6+ Fun Facts About Your Placenta

6+ Fun Facts About Your Placenta

To be completely honest, I have not always been a self-proclaimed “placenta nerd”. Before having kids this squishy, jellyfish looking organ was just a disposable byproduct of giving birth. It wasn’t until later when I learned all these amazing little facts that I looked at it with different eyes. While there is still a lot to learn about its function, I wanted to share with you my Top 6 favorite facts about your placenta:

Picture of my own placenta after my son’s home birth in 2018 (PC: Micah Simmons Photography)

Let’s Kick This Off With A Few ‘Quickies’:

  • The combined length of all the capillaries in your placenta is 32 miles
  • It produces the hormones that signal the start of milk production at the end of pregnancy
  • By the time your baby is born, the placenta will be 8 to 9 inches wide, an inch thick in the middle and weigh up to 3 pounds
  • The placenta is called the ‘Tree of Life’

Ok, Let’s Dive In A Little Deeper

1.  The Placenta Functions As Numerous Organs And Provides Immunity To Your Baby Long After Birth

It acts as the baby’s lungs by providing oxygen from the mother through the placenta and the umbilical cord to be delivered into the baby’s bloodstream, as their kidneys by filtering out waste, and as their immune system by delivering nutrients and antibodies.

During pregnancy, the placenta transfers antibodies from the mother to the fetus that provide immune protection. These antibodies can provide three to six months of immunity for the baby after birth.

2. Mom And Babies Blood Pass Through The Placenta, But They Never Mix

The placenta’s attachment to the uterus is where the maternal blood and baby blood exchange oxygen and nutrients, but if their blood was to intermingle it could cause problems since mama’s immune system would create antibodies to get rid of the baby’s blood. Instead, the blood passes through separate arteries. Incredibly, about 20 per cent of the mother’s blood flows through the placenta every single minute.

3. The Placenta Has Spiritual Meaning In Other Cultures

In different parts of the world, the placenta is seen as more than just a disposable organ. In Peru, India and Nepal, the placenta is considered a friend to the baby. In Malaysia and Indonesia it’s an elder sibling, a twin in Nigeria, and part of the baby itself in Hawaii.

In Pedi it’s known as the ‘baby’s blanket’, the ‘baby’s cushion’ or the ‘baby’s cradle’.

4. You May Carry Identical Twins, But They Don’t Have To Share A Placenta

When giving birth to identical twins, the number of placentas is determined by when the fertilized egg splits. If the egg splits before the placenta develops, each baby will have its own placenta (Di/Di twins where each baby has their own amniotic sac and placenta). If the egg splits after it develops, both babies will be sustained by one placenta (Mono/Di or Mono/Mono depending on whether babies share the same amniotic sac as well). With fraternal twins, there will always be two placentas.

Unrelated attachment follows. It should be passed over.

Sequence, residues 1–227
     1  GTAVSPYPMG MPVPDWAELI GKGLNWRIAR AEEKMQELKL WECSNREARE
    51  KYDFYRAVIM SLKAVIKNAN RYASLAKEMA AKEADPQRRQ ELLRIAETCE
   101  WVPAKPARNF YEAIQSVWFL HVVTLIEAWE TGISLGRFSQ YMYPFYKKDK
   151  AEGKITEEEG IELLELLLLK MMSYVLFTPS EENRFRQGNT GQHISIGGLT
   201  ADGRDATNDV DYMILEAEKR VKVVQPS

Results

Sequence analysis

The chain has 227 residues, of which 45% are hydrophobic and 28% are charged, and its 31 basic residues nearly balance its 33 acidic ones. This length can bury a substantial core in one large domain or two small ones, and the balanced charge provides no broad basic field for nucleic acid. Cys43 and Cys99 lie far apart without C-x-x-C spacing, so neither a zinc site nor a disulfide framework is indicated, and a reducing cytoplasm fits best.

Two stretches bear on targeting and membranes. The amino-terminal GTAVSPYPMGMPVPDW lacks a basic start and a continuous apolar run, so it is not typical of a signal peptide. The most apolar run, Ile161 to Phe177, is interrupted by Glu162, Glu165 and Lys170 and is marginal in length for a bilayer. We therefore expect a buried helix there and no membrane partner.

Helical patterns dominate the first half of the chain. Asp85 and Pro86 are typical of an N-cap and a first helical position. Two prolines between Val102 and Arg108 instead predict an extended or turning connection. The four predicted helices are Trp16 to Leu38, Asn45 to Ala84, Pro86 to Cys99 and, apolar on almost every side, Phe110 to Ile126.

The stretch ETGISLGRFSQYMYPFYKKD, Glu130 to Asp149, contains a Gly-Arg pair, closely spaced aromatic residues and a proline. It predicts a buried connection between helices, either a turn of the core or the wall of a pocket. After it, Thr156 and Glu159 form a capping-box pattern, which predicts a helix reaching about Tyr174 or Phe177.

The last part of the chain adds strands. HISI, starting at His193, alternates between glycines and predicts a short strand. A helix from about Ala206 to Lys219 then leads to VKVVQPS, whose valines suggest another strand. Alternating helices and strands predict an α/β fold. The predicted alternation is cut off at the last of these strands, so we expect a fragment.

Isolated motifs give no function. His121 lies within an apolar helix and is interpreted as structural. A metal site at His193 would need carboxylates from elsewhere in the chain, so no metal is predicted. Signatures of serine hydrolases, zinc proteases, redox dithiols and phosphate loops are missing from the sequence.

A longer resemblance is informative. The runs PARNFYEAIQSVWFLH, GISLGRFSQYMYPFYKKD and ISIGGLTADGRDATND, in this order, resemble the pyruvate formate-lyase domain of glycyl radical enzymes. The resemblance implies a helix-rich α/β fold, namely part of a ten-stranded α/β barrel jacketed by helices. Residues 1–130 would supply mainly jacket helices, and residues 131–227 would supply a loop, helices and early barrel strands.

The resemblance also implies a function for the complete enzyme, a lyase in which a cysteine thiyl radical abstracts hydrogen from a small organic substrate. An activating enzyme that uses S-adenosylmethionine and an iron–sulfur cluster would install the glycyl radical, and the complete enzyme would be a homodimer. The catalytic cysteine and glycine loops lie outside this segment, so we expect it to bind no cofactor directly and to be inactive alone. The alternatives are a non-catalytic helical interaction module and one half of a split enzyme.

5. Each Time A Woman Gets Pregnant, A New Placenta Grows.

The human body has several parts that used to have a purpose but no longer do, like the appendix and wisdom teeth. The placenta is the only organ that disposes of itself when it’s no longer needed. So with each pregnancy, your body grows a new placenta. Actually, placentas start forming and developing as early as the fertilized egg implants into the uterine wall. By week 12 of pregnancy, placentas have established their own blood supply.

“Each time the placenta is new. It is genetically distinct to that pregnancy and that child,” says Catherine Spong, acting director of the National Institute of Child Health and Human Development.

6. THE PLACENTA CAN BE INGESTED

The placenta can be eaten raw, in smoothies, dehydrated or encapsulated into a pill. In case of a third stage hemorrhage, eating a piece of raw placenta is said to help with hemorrhage control as well as an alternative to Pitocin. In recent years more and more women have been researching the benefits of placenta encapsulation and other forms of preparation. This practice is supposed to help with postpartum depression, pain relief and other complications.

So With Your Next Baby – Ask For A Tour Of Your Placenta, Look Into Consumption (If That Is Your Thing), Or Plant A Tree On It. It’s Truly Too Amazing Of An Organ To Just Land In The Trash Unacknowledged!

Tell Me, Did You Get To See Your Placenta With Your Babies?

If You Want Your Birth Story Told – The Complete Story, All Phases, All Emotions, I’d Love To Chat! 

Resources:

NY Times: The Push To Understand the Placenta

Women’s News: Placenta Spiritually Revered But Not in the West

What to Expect: Your Baby’s Placenta

Mental Floss: 10 Incredible Facts About the Placenta

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